The Flash – Season 5 Episode 7
“O Come, All Ye Thankful”
Father/daughter relationships in their different forms take the stage in a belated Thanksgiving episode of The Flash.
One of the best things about this season so far as I’ve repeatedly said is the relationship between Barry and Nora. Pushing aside the time travel aspect it’s basically a tale of a father getting to know a daughter he didn’t know existed while the daughter gets to know him. There are science fiction trappings with Nora being from the future but at its core that’s what this is all about.
Barry has had an easier time of building s connection than Iris has but this episode explores the notion that there will be friction between them as there is in any parent/child relationship. Since this is a superhero show the problem is related to that and manifests when Nora realises that being a hero is actually really dangerous. It may seem odd that this didn’t occur to her before but it has been previously established that Nora has only recently discovered that she has powers so her experience is very limited. It’s reasonable to assume that the Metahumans she has fought up until this point have been relatively easy and outside of Cicada the threats so far this season haven’t been all that life threatening.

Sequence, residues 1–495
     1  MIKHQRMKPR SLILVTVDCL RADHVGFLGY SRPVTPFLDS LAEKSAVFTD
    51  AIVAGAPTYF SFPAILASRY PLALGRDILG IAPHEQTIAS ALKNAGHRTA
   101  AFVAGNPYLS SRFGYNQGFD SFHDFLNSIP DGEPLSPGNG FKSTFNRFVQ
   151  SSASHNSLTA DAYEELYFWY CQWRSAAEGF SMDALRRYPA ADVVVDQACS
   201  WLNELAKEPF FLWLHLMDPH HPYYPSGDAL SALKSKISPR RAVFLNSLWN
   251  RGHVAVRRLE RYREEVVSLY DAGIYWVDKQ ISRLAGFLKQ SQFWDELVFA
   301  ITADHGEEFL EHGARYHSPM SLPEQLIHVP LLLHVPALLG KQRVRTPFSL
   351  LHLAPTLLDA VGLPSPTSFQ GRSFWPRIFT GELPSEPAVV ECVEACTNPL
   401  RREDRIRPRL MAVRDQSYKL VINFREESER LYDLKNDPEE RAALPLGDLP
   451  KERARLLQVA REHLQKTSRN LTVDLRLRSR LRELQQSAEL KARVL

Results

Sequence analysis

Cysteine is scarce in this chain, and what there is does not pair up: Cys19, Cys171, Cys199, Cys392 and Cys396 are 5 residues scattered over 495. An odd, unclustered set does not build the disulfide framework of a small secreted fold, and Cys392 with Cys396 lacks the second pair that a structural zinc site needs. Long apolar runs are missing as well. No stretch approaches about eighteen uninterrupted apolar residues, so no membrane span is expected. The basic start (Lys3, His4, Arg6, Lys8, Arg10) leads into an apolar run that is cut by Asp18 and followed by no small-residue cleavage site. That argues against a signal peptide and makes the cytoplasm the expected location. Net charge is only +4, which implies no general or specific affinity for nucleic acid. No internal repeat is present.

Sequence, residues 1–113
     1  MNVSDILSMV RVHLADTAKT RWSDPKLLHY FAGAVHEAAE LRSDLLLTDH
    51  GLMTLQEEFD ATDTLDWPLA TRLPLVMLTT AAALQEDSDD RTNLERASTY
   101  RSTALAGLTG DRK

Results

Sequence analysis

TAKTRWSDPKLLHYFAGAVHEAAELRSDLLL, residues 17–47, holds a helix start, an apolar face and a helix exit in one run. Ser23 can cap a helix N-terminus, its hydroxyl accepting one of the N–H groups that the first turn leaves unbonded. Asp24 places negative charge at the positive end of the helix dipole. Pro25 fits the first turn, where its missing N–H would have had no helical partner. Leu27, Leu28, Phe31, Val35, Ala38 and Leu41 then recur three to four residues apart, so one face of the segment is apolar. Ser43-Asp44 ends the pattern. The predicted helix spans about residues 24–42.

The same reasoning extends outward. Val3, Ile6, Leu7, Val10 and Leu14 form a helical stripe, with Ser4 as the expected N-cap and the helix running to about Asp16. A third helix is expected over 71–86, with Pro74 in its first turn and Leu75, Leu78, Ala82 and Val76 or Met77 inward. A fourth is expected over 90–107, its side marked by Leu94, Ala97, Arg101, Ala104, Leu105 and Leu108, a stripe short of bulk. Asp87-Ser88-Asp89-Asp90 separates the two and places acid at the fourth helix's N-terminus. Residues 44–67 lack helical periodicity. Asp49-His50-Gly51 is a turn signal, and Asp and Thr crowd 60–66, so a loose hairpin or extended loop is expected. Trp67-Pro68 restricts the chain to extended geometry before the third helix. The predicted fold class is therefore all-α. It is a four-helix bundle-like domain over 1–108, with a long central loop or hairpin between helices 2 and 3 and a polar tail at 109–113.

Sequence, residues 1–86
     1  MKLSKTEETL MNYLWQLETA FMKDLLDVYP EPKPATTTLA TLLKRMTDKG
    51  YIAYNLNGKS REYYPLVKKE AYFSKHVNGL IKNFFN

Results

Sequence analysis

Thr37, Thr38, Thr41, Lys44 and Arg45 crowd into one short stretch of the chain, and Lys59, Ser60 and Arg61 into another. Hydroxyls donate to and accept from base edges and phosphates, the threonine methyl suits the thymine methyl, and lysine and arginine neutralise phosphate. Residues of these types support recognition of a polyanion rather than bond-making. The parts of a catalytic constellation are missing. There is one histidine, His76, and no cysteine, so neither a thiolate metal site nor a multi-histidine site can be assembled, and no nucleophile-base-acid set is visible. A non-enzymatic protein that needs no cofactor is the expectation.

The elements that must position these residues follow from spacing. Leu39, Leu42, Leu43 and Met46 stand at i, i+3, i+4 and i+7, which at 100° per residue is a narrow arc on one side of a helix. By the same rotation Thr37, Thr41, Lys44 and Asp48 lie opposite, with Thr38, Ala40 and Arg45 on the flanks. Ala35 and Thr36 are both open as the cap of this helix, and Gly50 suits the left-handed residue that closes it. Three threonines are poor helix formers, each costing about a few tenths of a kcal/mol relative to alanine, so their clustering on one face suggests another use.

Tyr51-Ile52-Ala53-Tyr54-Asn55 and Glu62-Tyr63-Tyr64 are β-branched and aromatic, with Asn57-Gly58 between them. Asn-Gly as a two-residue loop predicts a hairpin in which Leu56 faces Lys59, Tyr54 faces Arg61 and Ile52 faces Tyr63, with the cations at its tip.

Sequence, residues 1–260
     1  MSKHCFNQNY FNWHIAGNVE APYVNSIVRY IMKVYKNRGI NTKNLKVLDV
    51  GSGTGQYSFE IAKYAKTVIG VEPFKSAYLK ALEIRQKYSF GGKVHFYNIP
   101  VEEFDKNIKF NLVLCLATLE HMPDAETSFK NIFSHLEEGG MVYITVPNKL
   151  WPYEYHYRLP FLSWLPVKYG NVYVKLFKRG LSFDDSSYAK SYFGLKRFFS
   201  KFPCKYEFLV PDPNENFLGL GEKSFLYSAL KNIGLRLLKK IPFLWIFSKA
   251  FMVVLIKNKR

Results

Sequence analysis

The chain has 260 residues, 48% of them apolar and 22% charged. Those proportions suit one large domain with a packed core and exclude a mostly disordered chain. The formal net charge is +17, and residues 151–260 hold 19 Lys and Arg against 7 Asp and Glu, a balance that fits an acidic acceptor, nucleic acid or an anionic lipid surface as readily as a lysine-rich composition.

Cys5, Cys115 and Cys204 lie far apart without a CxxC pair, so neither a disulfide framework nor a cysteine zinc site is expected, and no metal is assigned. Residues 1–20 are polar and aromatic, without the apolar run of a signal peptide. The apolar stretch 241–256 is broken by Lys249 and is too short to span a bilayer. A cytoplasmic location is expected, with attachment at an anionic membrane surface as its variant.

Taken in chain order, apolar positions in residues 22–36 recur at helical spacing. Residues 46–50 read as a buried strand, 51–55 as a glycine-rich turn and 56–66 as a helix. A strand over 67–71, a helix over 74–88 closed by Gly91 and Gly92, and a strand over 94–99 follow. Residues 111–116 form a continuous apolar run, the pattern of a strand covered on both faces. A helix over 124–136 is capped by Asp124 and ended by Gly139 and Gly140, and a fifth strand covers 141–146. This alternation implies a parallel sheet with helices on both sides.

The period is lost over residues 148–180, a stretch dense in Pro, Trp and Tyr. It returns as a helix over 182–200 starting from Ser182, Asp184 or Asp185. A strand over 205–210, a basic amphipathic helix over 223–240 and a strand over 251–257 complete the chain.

A conversation Nora has with Iris clearly puts the idea that Barry is not the larger than life heroic figure that she sees when she looks at him. Before meeting him everything she knew about him came from the Flash Museum. The example of things not playing out according to recorded history is the singularity that opened in the season 1 finale and was resolved in the season 2 premier. Nora knows about this because of a 3D model that depicts Barry heroically leaping into the singularity to close it. This model doesn’t have the associated context such as the death of Ronnie Raymond or the terror felt by everyone involved. It’s somewhat tragic that history has forgotten Ronnie though it makes sense that there would be no accounts of how Barry felt at the time so Nora has a very limited view of that particular problem.
This can be applied to pretty much all of her knowledge as she sees Barry as a heroic figure who has all the answers at every point and defeats villains with ease. We know the reality to be very different as viewers who have seen Barry struggle with various villains over the course of four seasons. Nora’s fears come to life when Barry is briefly killed during an early action sequence and needs her to bring him back to life. This is where her father’s mortality really hits home for her and she starts to consider the cost of being a hero. This results in a really moving scene where she talks to Barry about all he sacrifices to be the Flash and how that takes him away from his family. She asks him to quit being the Flash because there are others who can protect people but Barry can’t do that because he feels that he is needed to protect people. Nora caps that off with a simple pained “I need my father” which causes Barry to do a double take and consider the responsibilities he will one day have as a parent.